Page 84 U. S. 476

estate under this act, and for a sum exceeding $100, and such process is remaining in force and not discharged by payment or in any other manner provided by the law of such state, district, or territory applicable thereto, for a period of seven days, OR has been actually imprisoned for more than seven days in a civil action founded on contract for the sum of $100 or upwards, OR who, being bankrupt or insolvent, or in contemplation of bankruptcy or insolvency, shall make any payment, gift, grant, sale, conveyance or transfer of money or other property, estate, rights or credits, or give any warrant to confess judgment; or procure or suffer his property to be taken on legal process, with intent to give a preference to one or more of his creditors, or to any person or persons who are or may be liable for him as endorsers, bail, sureties, or otherwise, or with the intent, by such disposition of his property, to defeat or delay the operation of this act; OR who, being a banker, merchant or trader, has fraudulently stopped or suspended, and not resumed payment of his commercial paper within a period of fourteen days, shall be deemed to have committed an act of bankruptcy, and, subject to the conditions hereinafter prescribed, shall be adjudged a bankrupt on the petition of one or more of his creditors, the aggregate of whose debts provable under this act amount to at least $250, provided such petition is brought within six months after the Act of bankruptcy shall have been committed."

"And if such person shall be adjudged a bankrupt, the assignee may recover back the money or other property so paid, conveyed, sold, assigned or transferred contrary to this act, provided the person receiving such payment or conveyance had reasonable cause to believe that a fraud on this act was intended or that the debtor was insolvent. And such creditor shall not be allowed to prove his debt in bankruptcy."

These enactments being in force, one Wilson, assignee in bankruptcy of the firm of Vanderhoof Brothers, lately merchants at the City of St. Paul, filed a bill against the City Bank of the said city to determine which of the parties, complainant or defendant, was entitled to the stock of goods of the bankrupts or the proceeds thereof. The facts of the case, about which there was no dispute, were thus found by the court:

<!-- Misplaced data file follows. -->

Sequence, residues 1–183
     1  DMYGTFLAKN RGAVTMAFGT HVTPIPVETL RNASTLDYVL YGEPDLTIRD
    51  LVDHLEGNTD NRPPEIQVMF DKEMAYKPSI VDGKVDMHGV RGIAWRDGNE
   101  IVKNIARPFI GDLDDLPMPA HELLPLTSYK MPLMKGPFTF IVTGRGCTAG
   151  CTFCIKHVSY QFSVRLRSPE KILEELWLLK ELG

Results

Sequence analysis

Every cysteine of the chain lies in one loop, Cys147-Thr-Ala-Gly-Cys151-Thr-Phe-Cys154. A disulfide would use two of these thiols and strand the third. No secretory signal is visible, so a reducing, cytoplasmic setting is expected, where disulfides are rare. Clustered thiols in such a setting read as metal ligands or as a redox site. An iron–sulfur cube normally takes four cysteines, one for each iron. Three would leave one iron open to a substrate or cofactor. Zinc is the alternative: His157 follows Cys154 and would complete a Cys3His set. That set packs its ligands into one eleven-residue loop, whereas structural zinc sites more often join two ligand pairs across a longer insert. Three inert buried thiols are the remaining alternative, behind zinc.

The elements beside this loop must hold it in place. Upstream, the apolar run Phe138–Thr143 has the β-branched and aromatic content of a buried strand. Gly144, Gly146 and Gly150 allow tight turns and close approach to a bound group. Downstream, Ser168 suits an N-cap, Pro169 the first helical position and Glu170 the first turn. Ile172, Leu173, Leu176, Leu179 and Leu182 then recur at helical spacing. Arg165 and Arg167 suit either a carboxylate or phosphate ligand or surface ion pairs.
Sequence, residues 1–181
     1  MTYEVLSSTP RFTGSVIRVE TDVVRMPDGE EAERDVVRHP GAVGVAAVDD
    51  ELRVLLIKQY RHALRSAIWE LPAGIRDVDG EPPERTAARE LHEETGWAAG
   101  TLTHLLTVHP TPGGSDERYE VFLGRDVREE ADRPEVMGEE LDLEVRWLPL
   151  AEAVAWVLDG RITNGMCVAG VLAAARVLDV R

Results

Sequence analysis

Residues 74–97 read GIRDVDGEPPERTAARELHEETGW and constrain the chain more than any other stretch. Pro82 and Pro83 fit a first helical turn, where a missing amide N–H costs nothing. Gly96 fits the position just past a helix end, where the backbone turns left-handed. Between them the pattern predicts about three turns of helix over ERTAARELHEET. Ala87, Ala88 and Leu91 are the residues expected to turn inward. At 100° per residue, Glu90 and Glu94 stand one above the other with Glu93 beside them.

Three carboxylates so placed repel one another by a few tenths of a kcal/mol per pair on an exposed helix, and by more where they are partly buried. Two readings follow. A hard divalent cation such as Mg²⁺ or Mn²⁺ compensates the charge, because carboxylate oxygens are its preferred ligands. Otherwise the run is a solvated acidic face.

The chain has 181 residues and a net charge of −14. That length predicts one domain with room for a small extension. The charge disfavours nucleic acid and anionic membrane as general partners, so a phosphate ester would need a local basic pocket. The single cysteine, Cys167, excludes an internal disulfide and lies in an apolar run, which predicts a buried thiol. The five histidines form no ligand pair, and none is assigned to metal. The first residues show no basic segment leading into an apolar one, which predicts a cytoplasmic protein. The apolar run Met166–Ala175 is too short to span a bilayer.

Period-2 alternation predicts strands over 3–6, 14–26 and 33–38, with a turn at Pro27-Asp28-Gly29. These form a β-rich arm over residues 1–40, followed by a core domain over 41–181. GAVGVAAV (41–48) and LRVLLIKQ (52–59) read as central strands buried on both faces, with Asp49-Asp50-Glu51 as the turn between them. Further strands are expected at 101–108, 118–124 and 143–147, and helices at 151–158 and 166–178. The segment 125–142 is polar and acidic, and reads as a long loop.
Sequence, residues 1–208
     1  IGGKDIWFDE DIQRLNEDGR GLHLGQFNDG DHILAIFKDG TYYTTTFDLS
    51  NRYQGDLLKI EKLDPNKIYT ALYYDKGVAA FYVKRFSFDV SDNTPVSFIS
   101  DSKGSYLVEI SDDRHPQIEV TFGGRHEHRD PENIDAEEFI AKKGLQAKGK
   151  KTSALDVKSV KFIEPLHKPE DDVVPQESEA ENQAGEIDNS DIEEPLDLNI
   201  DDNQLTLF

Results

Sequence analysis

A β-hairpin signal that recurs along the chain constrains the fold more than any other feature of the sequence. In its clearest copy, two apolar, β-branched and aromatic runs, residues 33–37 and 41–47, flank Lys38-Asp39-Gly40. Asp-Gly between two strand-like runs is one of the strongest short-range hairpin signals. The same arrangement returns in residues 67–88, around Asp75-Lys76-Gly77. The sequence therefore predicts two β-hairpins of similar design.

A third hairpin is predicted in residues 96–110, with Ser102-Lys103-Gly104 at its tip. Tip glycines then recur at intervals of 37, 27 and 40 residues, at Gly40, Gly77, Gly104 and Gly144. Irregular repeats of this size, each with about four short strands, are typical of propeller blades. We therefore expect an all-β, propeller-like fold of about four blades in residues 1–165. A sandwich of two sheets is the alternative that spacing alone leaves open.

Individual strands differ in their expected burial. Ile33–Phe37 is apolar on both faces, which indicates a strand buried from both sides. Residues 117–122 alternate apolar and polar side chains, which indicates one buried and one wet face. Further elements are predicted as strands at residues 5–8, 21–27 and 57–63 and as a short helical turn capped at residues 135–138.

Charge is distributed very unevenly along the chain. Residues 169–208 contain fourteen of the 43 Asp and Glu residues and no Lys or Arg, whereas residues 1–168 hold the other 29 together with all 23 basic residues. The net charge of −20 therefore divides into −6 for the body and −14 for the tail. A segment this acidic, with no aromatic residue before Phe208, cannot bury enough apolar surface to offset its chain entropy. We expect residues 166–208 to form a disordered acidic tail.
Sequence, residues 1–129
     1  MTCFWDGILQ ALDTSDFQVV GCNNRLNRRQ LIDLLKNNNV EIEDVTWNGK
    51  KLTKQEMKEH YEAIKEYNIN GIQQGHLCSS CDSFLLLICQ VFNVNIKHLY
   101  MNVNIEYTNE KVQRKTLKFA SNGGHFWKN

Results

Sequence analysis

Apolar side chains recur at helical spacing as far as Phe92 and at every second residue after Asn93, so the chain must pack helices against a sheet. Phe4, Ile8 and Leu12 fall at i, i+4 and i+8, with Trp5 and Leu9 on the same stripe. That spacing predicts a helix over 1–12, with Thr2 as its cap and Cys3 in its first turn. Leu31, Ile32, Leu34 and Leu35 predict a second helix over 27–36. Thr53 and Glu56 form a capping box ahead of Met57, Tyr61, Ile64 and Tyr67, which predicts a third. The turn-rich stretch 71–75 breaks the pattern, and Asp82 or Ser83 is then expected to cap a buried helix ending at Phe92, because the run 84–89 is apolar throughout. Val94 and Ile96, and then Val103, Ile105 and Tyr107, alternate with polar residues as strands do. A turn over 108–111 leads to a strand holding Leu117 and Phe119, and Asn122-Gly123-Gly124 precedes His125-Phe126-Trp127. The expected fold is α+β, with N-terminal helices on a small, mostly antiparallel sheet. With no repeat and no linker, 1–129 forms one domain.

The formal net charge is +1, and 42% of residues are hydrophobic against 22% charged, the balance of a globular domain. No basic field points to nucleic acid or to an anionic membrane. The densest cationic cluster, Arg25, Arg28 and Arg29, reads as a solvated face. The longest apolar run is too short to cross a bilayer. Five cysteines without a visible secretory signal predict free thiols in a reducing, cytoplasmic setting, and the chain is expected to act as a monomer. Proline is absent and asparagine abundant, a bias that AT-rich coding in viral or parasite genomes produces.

Page 84 U. S. 477

"On the 26th of February, 1870, judgment by default was rendered by one of the district courts of the State of Minnesota in favor of the bank against Vanderhoof Brothers for the sum of $2,130. On the same day, execution was issued, and the sheriff immediately made a levy upon the whole stock of goods of the debtors, which was sold by him for $2,385, which is now in the hands of the bankrupt court to await the determination of this suit. The suit by the bank was brought on promissory notes, commercial paper made by the debtors Vanderhoof Brothers to the City Bank of St. Paul, one of which notes was more than fourteen days past due when suit was brought thereon by the bank."

"After the levy of the said execution and before the sale by the sheriff, Vanderhoof Brothers were adjudicated bankrupts on the petition of creditors filed against them after judgment had been obtained and levy made under the execution. The Vanderhoofs had no defense to the notes upon which the bank had sued them, and put in no defense. They had no property except their said stock in trade, which, at cost prices, was about equal to the amount of their liabilities."

"The debtors Vanderhoof Brothers were insolvent when said suit was brought against them by the bank, and the bank had then reasonable cause to believe it, and knew that they had committed an act of bankruptcy and that they had no property but their said stock in trade. The Vanderhoofs gave no notice to any of their creditors of the suit commenced against them by the bank, and having no defense, did not defend it nor go into voluntary bankruptcy, nor otherwise make any effort to prevent the judgment being obtained or the levy of the execution."

On this case, the following questions arose at the trial, in relation to which the judges were opposed in opinion:

"1st. Whether or not an intent on the part of said debtors, Vanderhoof Brothers, to suffer their property to be taken on legal process, to-wit, the said execution, with intent to give a preference to said bank, or with intent thereby to defeat or delay the operation of the Bankrupt Act, can be inferred from the foregoing facts?"

"2d. Whether, under said facts, the said bank, in obtaining

Page 84 U. S. 478

said judgment and making the said levy, had reasonable cause to believe that a fraud on the Bankrupt Act was intended?"

"3d. Whether, under said facts, the bank obtained by the levy of its execution a valid lien on the said goods as against the assignee in bankruptcy?"

The questions were accordingly certified here for decision.

Page 84 U. S. 480

Official Supreme Court caselaw is only found in the print version of the United States Reports. Justia caselaw is provided for general informational purposes only, and may not reflect current legal developments, verdicts or settlements. We make no warranties or guarantees about the accuracy, completeness, or adequacy of the information contained on this site or information linked to from this site. Please check official sources.